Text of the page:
Defamation Lawyers NSW

“The thing about social media is that it is anonymous, so it can be much more vitriolic and extreme than normal media and yet it is there for everyone to see. It is kind of like electronic graffiti.”

— Australian Prime Minister, Tony Abbott (March, 2014)

A costly tweet from a student about his school teacher has reminded us that being online requires a fair degree of caution in order to avoid the risk of being exposed to defamation claims resulting from “electronic graffiti”.

In March 2014, a NSW District Court judge found school student, Andrew Farley, guilty of posting defamatory Facebook and Twitter messages about his former high school teacher, Ms Christine Mickle, and ordered him to pay $105,000 in damages as well as the schoolteacher’s legal costs. Similarly, in 2012, an Adelaide Magistrate ordered a parent, Ms Knueppel, to pay former school principal, Ms Burtenshaw, $40,000 plus costs after making defamatory statements on a Facebook page that parents and a former student had created about Ms Burtenshaw.

The rampant rise of social media has meant that every tweet, Instagram post or Facebook status update could lead to a potential defamation claim if the poster isn’t aware of the limits to publishing statements about people in Australia.

Representing one of the first cases in Australia about the use of social media in a defamatory context has proceeded to judgment, the legal profession expects to see more of these claims in the future.

Here are some tips on Australian defamation laws for social media users:

1. You Are A Publisher

Don’t underestimate the fact that we are all publishers of information in the age of the internet and social media.

No matter how temporary the publication is and regardless of the medium, offensive snapchats and dubious Instagram pics are not immune to Australian defamation laws.

In Australia, defamation occurs when a person intentionally publishes information about another individual or group of people or small company that leads to damage to their reputation or causes others to think less of them, or exposes them to hatred, contempt or ridicule. So think twice before you post derogatory pictures of your ex or hurtful and damaging comments about your former boss or colleague.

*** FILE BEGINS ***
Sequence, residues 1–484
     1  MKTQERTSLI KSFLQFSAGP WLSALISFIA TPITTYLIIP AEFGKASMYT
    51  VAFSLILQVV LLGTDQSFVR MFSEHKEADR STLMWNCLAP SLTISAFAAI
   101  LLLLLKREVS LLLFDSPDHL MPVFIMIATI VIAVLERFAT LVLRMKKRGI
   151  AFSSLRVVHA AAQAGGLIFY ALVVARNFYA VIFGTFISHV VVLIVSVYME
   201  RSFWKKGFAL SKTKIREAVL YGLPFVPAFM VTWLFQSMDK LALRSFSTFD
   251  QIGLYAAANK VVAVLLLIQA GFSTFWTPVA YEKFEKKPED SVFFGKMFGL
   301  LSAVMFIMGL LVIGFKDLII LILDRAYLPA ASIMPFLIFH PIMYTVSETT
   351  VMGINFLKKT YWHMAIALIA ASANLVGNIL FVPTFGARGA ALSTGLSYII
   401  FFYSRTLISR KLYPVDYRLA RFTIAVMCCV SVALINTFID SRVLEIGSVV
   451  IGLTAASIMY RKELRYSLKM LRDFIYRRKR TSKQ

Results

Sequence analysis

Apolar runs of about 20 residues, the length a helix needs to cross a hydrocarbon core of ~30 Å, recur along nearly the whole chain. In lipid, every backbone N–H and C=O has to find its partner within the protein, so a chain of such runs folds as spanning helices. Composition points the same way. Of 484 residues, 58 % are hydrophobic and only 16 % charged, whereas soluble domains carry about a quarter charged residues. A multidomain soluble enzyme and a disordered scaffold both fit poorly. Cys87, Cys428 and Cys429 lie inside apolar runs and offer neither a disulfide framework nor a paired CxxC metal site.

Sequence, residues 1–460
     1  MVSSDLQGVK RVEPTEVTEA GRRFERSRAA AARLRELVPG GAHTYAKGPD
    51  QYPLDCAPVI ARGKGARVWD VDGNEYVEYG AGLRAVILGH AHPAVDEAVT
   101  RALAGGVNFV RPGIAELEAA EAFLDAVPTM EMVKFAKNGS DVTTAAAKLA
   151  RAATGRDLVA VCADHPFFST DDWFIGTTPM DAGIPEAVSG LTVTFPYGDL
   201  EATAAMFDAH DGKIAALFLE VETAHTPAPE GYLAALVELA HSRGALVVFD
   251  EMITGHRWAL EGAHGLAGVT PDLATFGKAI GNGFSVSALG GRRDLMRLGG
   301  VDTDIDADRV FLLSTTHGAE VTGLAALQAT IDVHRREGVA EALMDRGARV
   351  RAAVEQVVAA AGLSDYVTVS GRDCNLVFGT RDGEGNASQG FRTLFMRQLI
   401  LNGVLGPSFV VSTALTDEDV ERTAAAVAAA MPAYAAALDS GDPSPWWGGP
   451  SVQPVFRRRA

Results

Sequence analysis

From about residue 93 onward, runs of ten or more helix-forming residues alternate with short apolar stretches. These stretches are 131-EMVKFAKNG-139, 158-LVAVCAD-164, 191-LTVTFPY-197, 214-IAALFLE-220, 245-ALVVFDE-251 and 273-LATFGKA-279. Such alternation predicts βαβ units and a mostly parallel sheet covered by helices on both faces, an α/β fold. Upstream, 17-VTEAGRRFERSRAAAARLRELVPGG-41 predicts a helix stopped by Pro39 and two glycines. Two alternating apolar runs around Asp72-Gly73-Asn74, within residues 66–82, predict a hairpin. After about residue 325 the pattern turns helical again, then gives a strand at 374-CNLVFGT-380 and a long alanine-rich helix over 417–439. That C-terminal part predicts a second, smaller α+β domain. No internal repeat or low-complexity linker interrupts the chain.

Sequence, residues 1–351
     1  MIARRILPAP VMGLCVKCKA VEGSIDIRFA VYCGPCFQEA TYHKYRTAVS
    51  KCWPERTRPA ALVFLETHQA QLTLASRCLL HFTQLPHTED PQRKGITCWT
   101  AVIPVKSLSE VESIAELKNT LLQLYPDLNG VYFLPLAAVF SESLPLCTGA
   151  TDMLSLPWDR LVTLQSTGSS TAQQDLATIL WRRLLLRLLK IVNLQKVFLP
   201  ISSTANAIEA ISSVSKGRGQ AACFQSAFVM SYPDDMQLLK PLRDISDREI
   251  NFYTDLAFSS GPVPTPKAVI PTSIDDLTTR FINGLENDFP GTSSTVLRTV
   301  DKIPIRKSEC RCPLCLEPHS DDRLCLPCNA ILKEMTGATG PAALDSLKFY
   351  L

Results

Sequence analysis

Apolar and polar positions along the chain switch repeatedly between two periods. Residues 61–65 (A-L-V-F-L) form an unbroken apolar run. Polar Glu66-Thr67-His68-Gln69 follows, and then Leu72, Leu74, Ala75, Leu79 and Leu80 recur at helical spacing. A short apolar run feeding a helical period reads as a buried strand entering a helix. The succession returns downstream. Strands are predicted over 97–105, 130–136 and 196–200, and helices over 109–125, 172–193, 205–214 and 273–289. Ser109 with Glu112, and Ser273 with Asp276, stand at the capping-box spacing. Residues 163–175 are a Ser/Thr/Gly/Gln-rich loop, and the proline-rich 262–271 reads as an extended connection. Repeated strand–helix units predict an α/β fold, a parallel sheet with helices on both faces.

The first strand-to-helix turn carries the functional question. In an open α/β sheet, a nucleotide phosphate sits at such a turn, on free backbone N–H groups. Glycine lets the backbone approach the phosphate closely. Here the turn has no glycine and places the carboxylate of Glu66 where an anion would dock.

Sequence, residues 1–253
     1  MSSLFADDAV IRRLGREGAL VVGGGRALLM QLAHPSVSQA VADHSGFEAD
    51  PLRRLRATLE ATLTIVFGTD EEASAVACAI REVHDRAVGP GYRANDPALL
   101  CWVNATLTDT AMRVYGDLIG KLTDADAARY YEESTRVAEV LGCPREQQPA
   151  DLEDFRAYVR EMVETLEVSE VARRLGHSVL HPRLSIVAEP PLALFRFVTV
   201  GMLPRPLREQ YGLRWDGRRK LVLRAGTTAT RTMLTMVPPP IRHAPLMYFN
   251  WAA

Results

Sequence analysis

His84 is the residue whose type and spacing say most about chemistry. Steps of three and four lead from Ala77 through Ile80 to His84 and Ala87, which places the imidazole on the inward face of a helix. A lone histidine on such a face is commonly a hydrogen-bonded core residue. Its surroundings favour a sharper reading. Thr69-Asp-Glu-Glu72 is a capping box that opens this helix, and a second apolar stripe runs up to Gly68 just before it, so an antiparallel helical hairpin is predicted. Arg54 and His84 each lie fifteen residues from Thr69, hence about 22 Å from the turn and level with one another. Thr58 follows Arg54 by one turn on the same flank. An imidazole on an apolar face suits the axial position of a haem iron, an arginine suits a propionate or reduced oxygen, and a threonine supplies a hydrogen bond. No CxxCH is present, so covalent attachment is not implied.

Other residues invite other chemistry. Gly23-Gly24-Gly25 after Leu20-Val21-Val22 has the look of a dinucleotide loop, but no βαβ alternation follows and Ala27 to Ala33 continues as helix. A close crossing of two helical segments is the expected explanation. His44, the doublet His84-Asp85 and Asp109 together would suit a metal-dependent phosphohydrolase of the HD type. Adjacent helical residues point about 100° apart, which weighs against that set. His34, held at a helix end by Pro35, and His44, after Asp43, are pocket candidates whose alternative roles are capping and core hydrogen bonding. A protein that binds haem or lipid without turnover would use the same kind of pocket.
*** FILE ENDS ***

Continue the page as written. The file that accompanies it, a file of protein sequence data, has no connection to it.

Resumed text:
2. With Freedom Comes Responsibility

Without being bound by a human rights charter or the guarantee of free speech as exists in the United States via the First Amendment, Australia has laws which aim to balance the right to speech against the right to protect one’s reputation. In August 2013, an Australian public service employee, Ms Michaela Banerji, suffered the consequences of her actions when she criticised Australia’s refugee policies, politicians and a number of her colleagues . In rejecting Ms Banerji’s claim for an interlocutory injunction preventing her employer from dismissing her, the Federal Circuit Court found that Australians did not have an ”unfettered implied right (or freedom) of political expression”.

3. Other People’s Actions Can Affect Yours

In the Farley case, Judge Elkeim referred to social media as having the “grapevine effect”. Journalist, Julia Possetti, landed in hot water when she was threatened with a lawsuit by the Editor-in-Chief of The Australian newspaper for tweeting about comments made by another reporter regarding the Editor-in-Chief’s apparent motives in controlling her coverage of climate issues. You should be aware of the grapevine effect: the ability to retweet other people’s posts and comment on other people’s Facebook pages can also open up the possibility of being accused of defamation even if you haven’t created the post.

4. Possible Defences To Defamation

In certain circumstances, you may have a defence to defamation such as the fact that your post or tweet was an expression of an honest opinion or that the statements you made were true. If you have published something untruthful and damaging, you may not be able to rely on these defences to a defamation claim.

5. What Should I Do If I Am Accused Of Defamation?

Remove the offending status post, tweet or photograph and offer an apology if you have offended someone.

If you are uncertain as to whether or not you are exposed to legal action, seek the assistance and advice of a qualified lawyer to review your situation.

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